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Huntly's anger at overnight Minor Injury Unit scrapping

By Lewis McBlane

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COMMUNITY figures were outraged by last week’s decision to scrap overnight services at Huntly’s Minor Injury Unit (MIU).

The Minor Injury Unit in Huntly is set to have its overnight offering scrapped...Pictures: Daniel Forsyth
The Minor Injury Unit in Huntly is set to have its overnight offering scrapped...Pictures: Daniel Forsyth

Charity Friends of Jubilee Hospital, where the MIU is based, launched a campaign against the closure and have put up posters across the town.

Readers attacked the decision on social media, warning the move could leave patients trapped at home in “unbearable agony.”

A union that represents nurses at the MIU said the cut, while understandable due to low patient numbers, signalled that rural healthcare will increasingly be in the firing line.

Councillor Gwyneth Petrie (Huntly, Strathbogie and Howe of Alford) said the scrapping was part of a cost-cutting push that would negatively impact Huntly.

At a meeting last week, councillors and NHS Grampian staff voted to permanently end out-of-hours care for minor injuries in Huntly, Fraserburgh and Peterhead.

The move, to ease budget pressures, will save £716,000 this year and £1 million in subsequent years.

After phoning 111, patients seen at the MIU receive care for non-urgent injuries like cuts, wounds, minor burns, scalds, sprains and less-serious broken bones, NHS Grampian said.

Led by nurses, the Huntly MIU works alongside the out-of-hours GMED GP service – which is set to continue.

Those who, previously, would have been helped at the MIU between 7pm and 7am will have to come back for an appointment the next day.

From November to January, authorities recorded patient numbers at Huntly’s MIU.

The survey found that the unit, on 17 nights in December, saw no patients present with a minor injury.

And, on its busiest night that month, only three people attended with minor injuries.

Between November and January, there were at least 600 more appointments available than the number used each month.

The total attending the MIU with minor injuries went from a low of 15 to a high of 21 across the time period.

However, chairwoman of Friends of Jubilee Hospital Fiona Murray argued the policy would only save a small amount of money compared to NHS Grampian’s shortfall, and “they are barking up the wrong tree.”

“I think it will probably cause a bit of fear,” she said.

“People won’t be quite as keen to go further afield, so they will say: ‘Oh I’ll just leave it and try again in the morning.’

“It could be a complete and total disaster.

“All it needs is for one person to be at death’s door to be helped at Huntly and that would just go to show that the service is necessary.”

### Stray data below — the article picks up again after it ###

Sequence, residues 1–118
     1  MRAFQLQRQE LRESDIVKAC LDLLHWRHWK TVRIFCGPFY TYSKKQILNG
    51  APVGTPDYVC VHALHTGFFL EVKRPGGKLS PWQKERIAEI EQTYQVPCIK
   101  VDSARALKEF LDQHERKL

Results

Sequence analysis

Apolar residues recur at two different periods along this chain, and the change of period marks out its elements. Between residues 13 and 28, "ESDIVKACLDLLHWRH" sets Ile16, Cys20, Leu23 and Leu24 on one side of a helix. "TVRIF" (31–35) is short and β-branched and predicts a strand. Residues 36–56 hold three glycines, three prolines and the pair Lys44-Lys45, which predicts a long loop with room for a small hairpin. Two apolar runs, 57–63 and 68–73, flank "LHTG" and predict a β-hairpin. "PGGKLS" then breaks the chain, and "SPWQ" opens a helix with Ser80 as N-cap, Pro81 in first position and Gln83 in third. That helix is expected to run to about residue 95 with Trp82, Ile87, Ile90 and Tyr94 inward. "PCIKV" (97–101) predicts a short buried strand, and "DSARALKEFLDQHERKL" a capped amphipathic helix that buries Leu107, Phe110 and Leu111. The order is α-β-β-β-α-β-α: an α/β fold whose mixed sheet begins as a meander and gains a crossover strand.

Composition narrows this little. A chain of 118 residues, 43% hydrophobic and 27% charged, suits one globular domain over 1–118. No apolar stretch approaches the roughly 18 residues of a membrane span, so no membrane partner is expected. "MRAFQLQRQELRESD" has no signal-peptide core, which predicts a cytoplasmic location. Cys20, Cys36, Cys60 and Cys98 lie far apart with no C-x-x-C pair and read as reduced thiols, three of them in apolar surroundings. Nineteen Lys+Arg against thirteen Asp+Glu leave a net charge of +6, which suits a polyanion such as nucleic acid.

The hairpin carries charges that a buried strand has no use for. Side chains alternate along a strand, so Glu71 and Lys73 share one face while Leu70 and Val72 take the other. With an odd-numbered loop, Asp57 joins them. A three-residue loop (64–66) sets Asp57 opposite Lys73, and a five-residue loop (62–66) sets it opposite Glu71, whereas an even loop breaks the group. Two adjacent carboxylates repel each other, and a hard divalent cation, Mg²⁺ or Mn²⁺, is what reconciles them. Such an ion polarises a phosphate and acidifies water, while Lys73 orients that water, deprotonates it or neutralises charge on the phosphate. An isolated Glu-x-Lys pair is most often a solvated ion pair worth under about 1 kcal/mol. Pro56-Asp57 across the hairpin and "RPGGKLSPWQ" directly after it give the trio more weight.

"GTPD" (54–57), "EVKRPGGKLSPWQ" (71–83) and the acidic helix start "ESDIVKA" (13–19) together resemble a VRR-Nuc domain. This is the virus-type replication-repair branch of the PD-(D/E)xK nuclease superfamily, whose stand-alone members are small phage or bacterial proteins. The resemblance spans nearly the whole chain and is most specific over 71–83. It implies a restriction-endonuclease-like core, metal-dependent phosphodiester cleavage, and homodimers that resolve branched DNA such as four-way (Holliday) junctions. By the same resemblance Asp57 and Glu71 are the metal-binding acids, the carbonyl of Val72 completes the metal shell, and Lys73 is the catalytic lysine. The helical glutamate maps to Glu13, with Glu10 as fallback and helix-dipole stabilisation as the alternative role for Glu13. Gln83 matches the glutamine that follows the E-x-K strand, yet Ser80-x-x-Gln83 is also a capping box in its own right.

Reader Jean Stevenson shared her difficult family experience of being unable to access the MIU.

“If you break a leg or arm, you will have to stay home in unbearable agony and be told to take paracetamol then go to the local Minor Injury Unit in the morning,” she said.

“This has already happened to a member of my family when they phoned the NHS on 111 and were told that Aberdeen was chocka and would not take any more.

“Luckily, they asked about Elgin and were finally given a space there.”

Joint-branch secretary of UNISON Grampian Health, Liz Grant said: “The NHS is facing big cuts, and closing these overnight minor injury units is part of that.

“In truth, these were not well used, but closing them is part of a trend towards rural patients having to travel long distances to fewer, bigger hospitals.

“We need to invest in staff and buildings to protect a quality local service in rural areas.”

MSP for Banffshire and Buchan Coast, Karen Adam MSP (SNP), criticised Banff and Buchan Coast MP David Duguid (Conservative) for sharing his concern over the closure, because Conservative councillors voted for the changes.

This was in response Mr Duguid described the decision as a “tragic consequence” of SNP cuts and said he had asked for a meeting with the Aberdeenshire Health and Social Care Partnership.

"It's so disappointing that every Tory and Liberal Democrat councillor voted to close Minor Injury Units overnight. These services are vital and do much more than treat cuts, burns and simple fractures,” Ms Adam said.

"Not only have the Tories and Lib Dems undervalued the role of our healthcare workers at the Minor Injuries Units, but they are also putting the health of those in our communities at risk.

"For the Tory MP, David Duguid, to blame the SNP for the closures when SNP councillors were the only ones to vote against the closures is just astonishing hypocrisy. The Tories cannot vote for closures in one breath and condemn the closures in another. They need to be honest with the public and, more importantly, they need to reverse this terrible decision."

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